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Case Study: How an International Beer Co. Keeps Its Brand Distinctive and Fresh

by Laurie Lande  |  
October 9, 2007

Company: Guinness (a Diageo company)
Contact: Jonathan Waldron, Guinness Draught Marketing Manager
Location: London, England
Industry: Retail (B2C)
Annual revenue: Confidential
Number of employees: Confidential

Quick Read:

Irish-brewed Guinness, which claims to be the top-selling stout in the world, is facing competition to keep that title as the global beer industry consolidates. It also needs to diversify its customer base, as about 95% of its sales volume comes from its top four markets: the UK, Ireland, Nigeria and the US.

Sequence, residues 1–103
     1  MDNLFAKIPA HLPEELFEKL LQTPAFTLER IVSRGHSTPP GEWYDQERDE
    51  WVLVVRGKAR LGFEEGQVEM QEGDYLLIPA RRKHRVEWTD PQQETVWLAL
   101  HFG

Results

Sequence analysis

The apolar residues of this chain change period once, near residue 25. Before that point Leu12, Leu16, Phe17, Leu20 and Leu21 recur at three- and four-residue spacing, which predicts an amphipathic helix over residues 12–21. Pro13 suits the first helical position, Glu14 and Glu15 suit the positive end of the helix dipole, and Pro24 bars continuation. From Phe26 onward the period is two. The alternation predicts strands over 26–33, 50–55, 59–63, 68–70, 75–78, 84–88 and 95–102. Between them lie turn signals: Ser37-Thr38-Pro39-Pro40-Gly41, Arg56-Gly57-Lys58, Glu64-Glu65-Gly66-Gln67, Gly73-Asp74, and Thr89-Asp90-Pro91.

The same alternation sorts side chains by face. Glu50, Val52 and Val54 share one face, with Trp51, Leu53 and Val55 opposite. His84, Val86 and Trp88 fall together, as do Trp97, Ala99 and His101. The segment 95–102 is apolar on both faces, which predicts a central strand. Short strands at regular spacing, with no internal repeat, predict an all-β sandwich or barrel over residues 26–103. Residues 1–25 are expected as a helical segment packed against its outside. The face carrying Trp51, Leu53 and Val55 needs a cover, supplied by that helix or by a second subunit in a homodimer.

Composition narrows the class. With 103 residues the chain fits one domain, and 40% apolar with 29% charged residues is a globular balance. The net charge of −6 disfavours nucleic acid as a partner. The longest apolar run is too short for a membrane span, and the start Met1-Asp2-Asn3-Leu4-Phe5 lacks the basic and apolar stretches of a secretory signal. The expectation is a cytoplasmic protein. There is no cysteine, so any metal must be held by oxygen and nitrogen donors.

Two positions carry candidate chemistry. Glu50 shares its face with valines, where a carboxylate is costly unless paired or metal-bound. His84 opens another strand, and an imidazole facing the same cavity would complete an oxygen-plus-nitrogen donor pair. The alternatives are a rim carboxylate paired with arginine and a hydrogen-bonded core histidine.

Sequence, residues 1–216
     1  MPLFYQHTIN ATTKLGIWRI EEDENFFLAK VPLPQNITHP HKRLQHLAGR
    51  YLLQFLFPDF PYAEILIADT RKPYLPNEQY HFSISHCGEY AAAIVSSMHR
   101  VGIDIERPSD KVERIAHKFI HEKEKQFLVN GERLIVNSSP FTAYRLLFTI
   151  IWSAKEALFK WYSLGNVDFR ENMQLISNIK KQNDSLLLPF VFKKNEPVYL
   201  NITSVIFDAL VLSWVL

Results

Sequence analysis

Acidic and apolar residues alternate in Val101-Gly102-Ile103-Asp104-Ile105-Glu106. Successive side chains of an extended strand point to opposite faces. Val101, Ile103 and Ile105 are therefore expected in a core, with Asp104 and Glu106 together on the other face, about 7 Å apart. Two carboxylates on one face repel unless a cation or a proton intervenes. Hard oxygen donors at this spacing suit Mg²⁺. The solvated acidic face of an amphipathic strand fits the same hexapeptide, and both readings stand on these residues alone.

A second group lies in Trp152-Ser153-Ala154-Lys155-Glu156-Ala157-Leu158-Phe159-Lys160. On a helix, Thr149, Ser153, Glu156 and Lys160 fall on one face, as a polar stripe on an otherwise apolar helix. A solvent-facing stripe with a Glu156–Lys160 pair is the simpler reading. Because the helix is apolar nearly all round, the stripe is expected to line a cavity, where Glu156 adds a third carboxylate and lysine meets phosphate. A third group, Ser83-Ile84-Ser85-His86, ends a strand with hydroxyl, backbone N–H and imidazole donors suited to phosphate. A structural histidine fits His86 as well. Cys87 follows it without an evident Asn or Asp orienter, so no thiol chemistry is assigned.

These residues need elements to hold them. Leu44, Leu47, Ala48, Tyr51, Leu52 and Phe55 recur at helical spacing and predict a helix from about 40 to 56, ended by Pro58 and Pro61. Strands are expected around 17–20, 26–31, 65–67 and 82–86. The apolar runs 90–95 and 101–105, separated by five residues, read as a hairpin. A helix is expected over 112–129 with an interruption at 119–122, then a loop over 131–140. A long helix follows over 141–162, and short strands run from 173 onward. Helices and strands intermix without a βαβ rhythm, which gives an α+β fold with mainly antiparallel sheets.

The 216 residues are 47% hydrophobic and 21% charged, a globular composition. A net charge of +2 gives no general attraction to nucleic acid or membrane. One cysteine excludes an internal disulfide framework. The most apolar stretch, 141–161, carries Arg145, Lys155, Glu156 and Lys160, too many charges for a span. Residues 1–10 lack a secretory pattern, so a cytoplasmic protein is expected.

To keep a distinctive reputation, Guinness has put considerable resources into its Dublin brewery and visitor center, located at the company's birthplace. The brewery is now Ireland's largest and has become the country's top international tourist attraction. It is a strategy that Guinness hopes to eventually replicate in the US, its fastest-growing market.

The Challenge:

Traditional beer markets have reached their maturity. The Western Europe beer market—closest to home for Guinness and the region that accounts for 19% of world sales—is expected to account for just 16% of global sales by 2011, predicts Canadean Ltd., a London-based beverage research firm. The North American market is seen falling from 16% of total beer sales to 13% by 2011, according to the group.

Guinness, the oldest beer in Ireland and the top-selling stout in the world, needs a strong image to keep its edge in this globally competitive beer environment. It also needs to diversify away from its mostly Western European consumer base.

The Campaign:

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